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Manitoba’s COVID-Induced Deficit Trending Lower, But Still a Record High

December 17, 2020 11:16 AM | The Canadian Press

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By Steve Lambert, The Canadian Press

Scott Fielding

Manitoba Finance Minister Scott Fielding speaks to media at a press conference before the provincial budget is read at the Manitoba Legislature in Winnipeg, Wednesday, March 11, 2020. (THE CANADIAN PRESS/John Woods)

WINNIPEG — The Manitoba government is projecting a smaller-than-expected deficit, although it is still forecast to be twice as large as the province’s previous record.

A budget update released Thursday predicts the fallout from the COVID-19 pandemic will result in a deficit of just over $2 billion for the fiscal year that ends in March.

That is $900 million lower than the last deficit estimate in September. The change is due primarily to $648 million in federal COVID-19 relief from programs Ottawa announced in recent months for hospitals, schools, businesses and other entities.

The Progressive Conservative government says its own spending on pandemic-related programs in areas such as health care and business supports are the main factor in the deficit.

“We’re tracking for a $2-billion deficit. That is the highest … in Manitoba’s history,” Finance Minister Scott Fielding said. The previous record-high was just under $1 billion following severe flooding in 2011.

Revenues are also lower than first projected in last spring’s budget.

A slower economy has resulted in lower income and sales tax revenues, and money from casinos dropped when they had to shut down under COVID-19 restrictions.

Premier Brian Pallister said the red ink is likely to continue beyond the end of the fiscal year.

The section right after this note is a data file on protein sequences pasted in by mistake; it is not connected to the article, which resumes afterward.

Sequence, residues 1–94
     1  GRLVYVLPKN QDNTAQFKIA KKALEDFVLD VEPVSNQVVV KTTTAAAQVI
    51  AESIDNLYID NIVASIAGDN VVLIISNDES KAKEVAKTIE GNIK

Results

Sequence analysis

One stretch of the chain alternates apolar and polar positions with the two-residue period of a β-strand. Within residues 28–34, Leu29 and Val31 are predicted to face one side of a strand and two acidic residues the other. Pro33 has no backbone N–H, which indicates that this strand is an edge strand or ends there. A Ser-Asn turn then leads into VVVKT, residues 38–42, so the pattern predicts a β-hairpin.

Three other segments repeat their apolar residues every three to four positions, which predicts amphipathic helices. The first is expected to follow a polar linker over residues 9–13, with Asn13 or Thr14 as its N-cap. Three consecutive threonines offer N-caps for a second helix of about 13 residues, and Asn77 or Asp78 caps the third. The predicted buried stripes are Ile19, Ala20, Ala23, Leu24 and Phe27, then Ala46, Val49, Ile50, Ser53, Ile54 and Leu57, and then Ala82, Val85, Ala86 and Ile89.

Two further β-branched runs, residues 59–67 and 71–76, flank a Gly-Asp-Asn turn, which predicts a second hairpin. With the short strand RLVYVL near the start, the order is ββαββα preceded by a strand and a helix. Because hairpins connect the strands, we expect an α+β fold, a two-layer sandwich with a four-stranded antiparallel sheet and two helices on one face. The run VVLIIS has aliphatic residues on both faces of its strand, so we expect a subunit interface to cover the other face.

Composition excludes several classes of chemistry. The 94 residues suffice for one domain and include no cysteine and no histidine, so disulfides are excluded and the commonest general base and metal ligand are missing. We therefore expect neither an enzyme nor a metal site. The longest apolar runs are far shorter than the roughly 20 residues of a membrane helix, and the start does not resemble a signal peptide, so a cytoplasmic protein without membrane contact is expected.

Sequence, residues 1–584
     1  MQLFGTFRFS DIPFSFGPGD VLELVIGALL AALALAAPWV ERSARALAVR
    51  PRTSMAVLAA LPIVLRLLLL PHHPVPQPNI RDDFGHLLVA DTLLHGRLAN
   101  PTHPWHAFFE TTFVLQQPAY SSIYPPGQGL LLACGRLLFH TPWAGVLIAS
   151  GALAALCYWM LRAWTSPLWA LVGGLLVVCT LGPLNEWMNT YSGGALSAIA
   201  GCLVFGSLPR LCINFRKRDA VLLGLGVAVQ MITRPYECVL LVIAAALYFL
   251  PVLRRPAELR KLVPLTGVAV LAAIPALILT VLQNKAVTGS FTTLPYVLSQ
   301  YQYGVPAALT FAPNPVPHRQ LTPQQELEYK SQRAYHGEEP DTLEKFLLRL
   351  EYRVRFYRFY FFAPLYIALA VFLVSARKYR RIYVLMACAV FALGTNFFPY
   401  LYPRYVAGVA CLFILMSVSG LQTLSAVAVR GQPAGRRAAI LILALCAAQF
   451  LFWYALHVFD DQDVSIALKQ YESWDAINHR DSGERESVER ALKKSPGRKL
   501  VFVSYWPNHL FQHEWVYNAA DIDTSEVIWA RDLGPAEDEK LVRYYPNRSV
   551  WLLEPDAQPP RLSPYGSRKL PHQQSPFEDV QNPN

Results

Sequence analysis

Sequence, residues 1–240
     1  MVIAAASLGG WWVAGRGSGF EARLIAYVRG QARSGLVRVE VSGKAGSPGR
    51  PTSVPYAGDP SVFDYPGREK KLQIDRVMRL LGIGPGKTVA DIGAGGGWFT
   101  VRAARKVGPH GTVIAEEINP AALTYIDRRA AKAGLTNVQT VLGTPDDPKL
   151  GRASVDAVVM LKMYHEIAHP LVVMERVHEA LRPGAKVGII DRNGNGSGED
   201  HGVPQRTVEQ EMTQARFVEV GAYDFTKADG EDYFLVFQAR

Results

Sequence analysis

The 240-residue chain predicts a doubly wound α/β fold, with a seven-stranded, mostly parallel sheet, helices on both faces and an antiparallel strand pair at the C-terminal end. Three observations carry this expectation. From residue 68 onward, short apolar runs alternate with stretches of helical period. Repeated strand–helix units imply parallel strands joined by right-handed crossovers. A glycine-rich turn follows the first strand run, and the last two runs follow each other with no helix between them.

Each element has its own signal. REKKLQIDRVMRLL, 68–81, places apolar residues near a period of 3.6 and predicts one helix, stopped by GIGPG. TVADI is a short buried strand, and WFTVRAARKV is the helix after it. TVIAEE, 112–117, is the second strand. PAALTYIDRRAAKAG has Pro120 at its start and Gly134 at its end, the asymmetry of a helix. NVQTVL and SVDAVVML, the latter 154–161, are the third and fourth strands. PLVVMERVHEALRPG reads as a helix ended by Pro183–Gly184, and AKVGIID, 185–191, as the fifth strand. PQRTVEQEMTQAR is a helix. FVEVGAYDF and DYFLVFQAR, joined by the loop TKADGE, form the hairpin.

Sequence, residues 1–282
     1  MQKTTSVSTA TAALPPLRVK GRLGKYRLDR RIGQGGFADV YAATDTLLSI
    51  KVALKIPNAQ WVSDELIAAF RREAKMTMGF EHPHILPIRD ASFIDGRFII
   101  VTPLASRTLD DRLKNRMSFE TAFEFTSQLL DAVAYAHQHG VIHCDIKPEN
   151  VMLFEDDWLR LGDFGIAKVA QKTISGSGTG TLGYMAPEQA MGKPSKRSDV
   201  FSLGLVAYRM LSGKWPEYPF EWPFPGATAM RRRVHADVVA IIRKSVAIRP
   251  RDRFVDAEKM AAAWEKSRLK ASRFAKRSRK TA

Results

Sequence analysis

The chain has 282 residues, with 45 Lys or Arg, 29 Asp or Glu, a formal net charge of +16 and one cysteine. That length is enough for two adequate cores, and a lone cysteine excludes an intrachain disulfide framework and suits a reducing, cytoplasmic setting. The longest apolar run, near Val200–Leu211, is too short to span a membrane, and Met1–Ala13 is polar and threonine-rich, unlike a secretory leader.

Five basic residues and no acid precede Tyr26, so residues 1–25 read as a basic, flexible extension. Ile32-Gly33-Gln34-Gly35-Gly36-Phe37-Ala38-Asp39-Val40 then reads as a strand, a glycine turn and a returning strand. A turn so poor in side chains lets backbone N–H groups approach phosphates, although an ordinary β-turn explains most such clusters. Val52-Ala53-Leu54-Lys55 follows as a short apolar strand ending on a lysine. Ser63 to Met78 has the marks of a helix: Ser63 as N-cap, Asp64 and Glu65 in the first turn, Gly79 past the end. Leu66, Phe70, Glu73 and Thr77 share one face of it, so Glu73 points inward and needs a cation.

“COVID could last a lot longer than we thought,” Pallister said.

“I think it’s a question of spreading out the deficit, probably, over a longer period rather than just in one fiscal (year).”

The Opposition New Democrats said the government should be spending more to help those affected by the pandemic, including businesses owners who have had to close their doors under public-health orders. The NDP pointed to hundreds of millions of dollars saved up in the province’s fiscal stabilization account, commonly called the rainy-day fund.

“There are people who are losing their livelihoods, that have built businesses from scratch. And they’re seeing their dreams disappear on them overnight,” NDP finance critic Mark Wasyliw said.

“Where is their government when they need them?”

Manitoba has seen a long list of deficits going back to 2009 under the former NDP government. The provincial net debt more than doubled in the ensuing decade and two bond-rating agencies downgraded the province’s rating.

The Progressive Conservatives, elected on a promise to cut taxes and balance the books over two terms, recorded a razor-thin $5-million surplus in the last fiscal year just before the COVID-pandemic took hold.

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